English football culture is broken and the team are suffering

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Football News

Do you remember the popular kid at football training? The number seven?

His Dad was a close friend of the manager, He had spiky hair, a girlfriend and trials for West Ham.

The kid who the supply teacher mistakenly called ‘Pass,’ because that’s all the other kids constantly shouted at him. You know the one! He had the latest football boots, blonde highlights and more than likely supported Manchester United.

He probably works at Sports Direct now, but that’s beside the point.


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This kid was the emblem of everything wrong with football culture today. Not that he single-handedly oversaw the transformation from a sport with modest roots, integrity and passion to a sport corrupted by fame and money. If anything, he was a victim of it. But he and his Dad still think Ronaldo is better than Messi, so that speaks volumes.

Kids aren't buying into the 'beautiful game' anymore, they're buying into whatever hairstyle Neymar has this week and the idea of having a personalised licence plate with your squad number on it - swag has eclipsed class.

Fame and glory - the emphasis is on scoring goals and getting the girls. It's ruining the way the general public perceive football on a cultural level. English football culture is broken.

It starts early on. Speaking from personal experience, having spent time training with various soccer schools at a young age, it's a problem.

There was no sense of trying to find your own style, if you were chubby, you went in goal, and they weren't going to try and mould you or utilise your size to play in a defensive capacity. If you were tall, you went in defence, and if you scored goals and nut mugged someone, you got the award.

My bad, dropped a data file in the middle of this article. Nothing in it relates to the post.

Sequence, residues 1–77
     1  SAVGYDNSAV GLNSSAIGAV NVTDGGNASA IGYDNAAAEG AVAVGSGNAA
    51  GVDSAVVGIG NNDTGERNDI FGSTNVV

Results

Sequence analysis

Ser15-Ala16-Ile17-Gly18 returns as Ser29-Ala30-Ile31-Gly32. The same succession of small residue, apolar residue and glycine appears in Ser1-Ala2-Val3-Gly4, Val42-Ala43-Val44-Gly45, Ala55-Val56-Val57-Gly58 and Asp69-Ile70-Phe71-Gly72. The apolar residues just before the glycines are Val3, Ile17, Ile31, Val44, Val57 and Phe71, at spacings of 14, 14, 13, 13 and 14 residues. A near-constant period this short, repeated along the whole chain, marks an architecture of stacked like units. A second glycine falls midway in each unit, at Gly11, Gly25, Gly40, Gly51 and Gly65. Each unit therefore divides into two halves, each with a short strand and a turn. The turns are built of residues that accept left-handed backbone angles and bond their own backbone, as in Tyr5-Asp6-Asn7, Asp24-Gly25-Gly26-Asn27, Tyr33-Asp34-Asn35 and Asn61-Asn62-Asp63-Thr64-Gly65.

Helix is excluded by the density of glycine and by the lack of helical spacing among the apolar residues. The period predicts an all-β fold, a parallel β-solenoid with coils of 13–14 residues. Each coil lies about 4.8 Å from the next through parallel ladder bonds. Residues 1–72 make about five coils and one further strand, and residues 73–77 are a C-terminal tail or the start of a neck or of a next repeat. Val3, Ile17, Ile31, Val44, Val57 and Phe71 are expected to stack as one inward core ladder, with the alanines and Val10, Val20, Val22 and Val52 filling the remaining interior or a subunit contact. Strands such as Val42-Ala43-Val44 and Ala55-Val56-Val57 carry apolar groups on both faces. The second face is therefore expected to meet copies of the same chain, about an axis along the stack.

Before you assume that I was the fat kid, I wasn't, I was actually one of the ones who scored goals, which if anything - put me off even more.

Scoring goals is great, to be able to do it consistently means you are gifted. But I would argue that just as much skill is required to make interceptions or gather the ball safely with two hands.

Being in a team should mean that you work as an intricate machine, 11 parts of an engine, none more important than the others. Being in a team means you should share the modesty as well as the glory. This is what football culture in England is missing.

You would have thought some of the most high-profile players in the football would realise this, and do what they can to promote and emphasise the importance of understanding what being in a team means. But no.

Having been bored enough to watch the recent Wayne Rooney documentary, ‘The Man behind The Goals’, I was shocked to see that Wayne actually snubbed his son’s suggestion that he would like to be a goalkeeper one day.

Albeit light-hearted initially, Wayne went on to say he told his son that he should be a striker. Great. Forget your man between the sticks, he's not important, it's all about the striker.

The same thing happened in the Ronaldo film trailer, where he again snubbed his son’s wish to be a goalkeeper. Why?

Following in your dad’s footsteps is a nice sentiment, and I can understand if both Rooney and Ronaldo want their kids to experience success. But the lines have been blurred by what success means in football now.

Does success mean scoring goals? Is there or should there be such thing as individual success in a team sport?

Football is about glory after all, but not individual glory and that's the key difference.

The problem is that the kid who doesn’t score goals at a grassroots level doesn’t get noticed. Despite maybe having potential as a centre back or another, less glamorous role. As a result of this, advanced soccer schools are jam packed with wingers and strikers.

Is this just a problem with England, and is this why our national team under performs? Is this why our Premier League teams under perform in the Champions League?

The way the Spanish play tika taka like a team which saw Spain dominate world football for nine years, and working efficiently as a unit saw Germany ease past most teams in the most recent World Cup would suggest our obsession with giving the goal scorers the glory has had a bigger impact than we think.

Long gone are the days of players like Tony Adams or Paul Gascoigne - players who knew what being in a team meant and whose passion would resonate with the entire nation.

We need to start looking past goals as a way of measuring who the best is. Football needs to stop being about hair gel. David Beckham-itous is an epidemic. Please pass the ball.

England Football
Premier League
Cristiano Ronaldo
Ballon d'Or
Wayne Rooney

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